President Mauricio Macri of Argentina said his country is “moving forward” to declare the Lebanese group Hezbollah a terrorist organization, JTA reported Friday.
Macri made the claim in an interview with Argentine journalist Marcelo Longobardi which will air Sunday on the CNN en Español channel.
In a preview of the interview posted online, Macri called the decision a “rejection of terrorism” and violence.
Hezbollah, which is a proxy of Iran, has long been linked to the 1992 attack on the Israeli embassy in Buenos Aires, which killed 29 people, and the 1994 attack on the AMIA Jewish center in Buenos Aires that killed 85.
The Iranians are accused of ordering Hezbollah to carry out the AMIA bombing, which was the deadliest terror attack in the South American country's history.
Argentine investigators accuse five former Iranian former officials, including ex-president Akbar Hashemi Rafsanjani, of orchestrating the July 18, 1994 car bombing.
Iran denies involvement and has repeatedly rejected Argentine demands for the accused to testify.
Last year, the US and Argentina agreed to work together to cut off Hezbollah funding networks and money laundering financing terrorism across Latin America.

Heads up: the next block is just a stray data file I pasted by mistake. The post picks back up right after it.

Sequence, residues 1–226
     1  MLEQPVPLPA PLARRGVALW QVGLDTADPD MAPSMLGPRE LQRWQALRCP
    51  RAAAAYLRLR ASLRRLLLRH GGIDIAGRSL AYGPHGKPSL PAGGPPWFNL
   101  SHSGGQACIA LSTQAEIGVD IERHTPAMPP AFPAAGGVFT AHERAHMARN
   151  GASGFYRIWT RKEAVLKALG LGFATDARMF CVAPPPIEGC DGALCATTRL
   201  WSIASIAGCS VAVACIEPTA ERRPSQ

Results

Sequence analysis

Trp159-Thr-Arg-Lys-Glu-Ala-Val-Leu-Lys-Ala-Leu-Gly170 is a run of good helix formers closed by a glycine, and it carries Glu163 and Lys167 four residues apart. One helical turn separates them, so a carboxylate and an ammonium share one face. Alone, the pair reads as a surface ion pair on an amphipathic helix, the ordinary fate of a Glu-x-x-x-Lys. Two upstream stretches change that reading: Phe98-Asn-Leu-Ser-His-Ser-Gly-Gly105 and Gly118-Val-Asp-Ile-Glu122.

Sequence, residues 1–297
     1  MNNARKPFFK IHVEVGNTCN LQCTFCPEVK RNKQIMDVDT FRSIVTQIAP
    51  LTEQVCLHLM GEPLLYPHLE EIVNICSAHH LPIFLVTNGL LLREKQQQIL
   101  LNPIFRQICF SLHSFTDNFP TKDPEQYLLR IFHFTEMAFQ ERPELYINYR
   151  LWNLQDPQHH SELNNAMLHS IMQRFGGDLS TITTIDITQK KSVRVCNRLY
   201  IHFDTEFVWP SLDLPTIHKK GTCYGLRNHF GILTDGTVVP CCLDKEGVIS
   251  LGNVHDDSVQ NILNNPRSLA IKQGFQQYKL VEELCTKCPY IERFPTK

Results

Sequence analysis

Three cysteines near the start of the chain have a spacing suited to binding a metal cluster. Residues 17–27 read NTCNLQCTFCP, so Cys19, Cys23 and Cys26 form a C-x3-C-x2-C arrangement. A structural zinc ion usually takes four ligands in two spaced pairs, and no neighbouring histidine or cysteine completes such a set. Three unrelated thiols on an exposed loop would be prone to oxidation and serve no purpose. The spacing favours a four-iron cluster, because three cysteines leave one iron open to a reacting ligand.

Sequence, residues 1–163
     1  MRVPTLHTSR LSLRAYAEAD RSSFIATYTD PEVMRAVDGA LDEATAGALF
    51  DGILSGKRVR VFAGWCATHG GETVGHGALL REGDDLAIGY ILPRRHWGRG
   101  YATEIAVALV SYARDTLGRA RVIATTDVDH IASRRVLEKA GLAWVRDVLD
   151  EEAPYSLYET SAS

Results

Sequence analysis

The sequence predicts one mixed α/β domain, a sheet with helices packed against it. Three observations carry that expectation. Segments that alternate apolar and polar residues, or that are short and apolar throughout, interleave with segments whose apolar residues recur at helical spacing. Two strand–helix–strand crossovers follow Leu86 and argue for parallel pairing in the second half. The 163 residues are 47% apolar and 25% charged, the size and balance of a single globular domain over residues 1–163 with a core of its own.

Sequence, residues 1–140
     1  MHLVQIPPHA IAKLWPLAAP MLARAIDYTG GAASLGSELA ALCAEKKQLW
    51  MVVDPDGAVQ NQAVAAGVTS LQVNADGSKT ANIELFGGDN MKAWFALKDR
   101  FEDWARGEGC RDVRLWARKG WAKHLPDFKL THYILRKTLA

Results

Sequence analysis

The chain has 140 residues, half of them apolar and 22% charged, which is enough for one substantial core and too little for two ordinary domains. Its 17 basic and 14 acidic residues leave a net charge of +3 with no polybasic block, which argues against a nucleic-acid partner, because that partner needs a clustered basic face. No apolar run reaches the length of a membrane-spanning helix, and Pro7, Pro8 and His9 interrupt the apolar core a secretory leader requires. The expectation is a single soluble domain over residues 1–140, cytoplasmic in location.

A month ago, the United States and Argentina convened a two-day regional summit in Buenos Aires about the persistent Hezbollah threat in the Western Hemisphere.
Macri’s comments come several days after the US imposed sanctions for the first time on Lebanese lawmakers who are affiliated with Hezbollah.
They also came ahead of a visit to Argentina by Secretary of State Mike Pompeo for a Western Hemisphere anti-terrorism summit in Buenos Aires on July 19. That day, one day after the public ceremony commemorating the 25th anniversary of the AMIA attack, Pompeo will visit the rebuilt AMIA building as a tribute to the victims.
(Arutz Sheva’s North American desk is keeping you updated until the start of Shabbat in New York. The time posted automatically on all Arutz Sheva articles, however, is Israeli time.)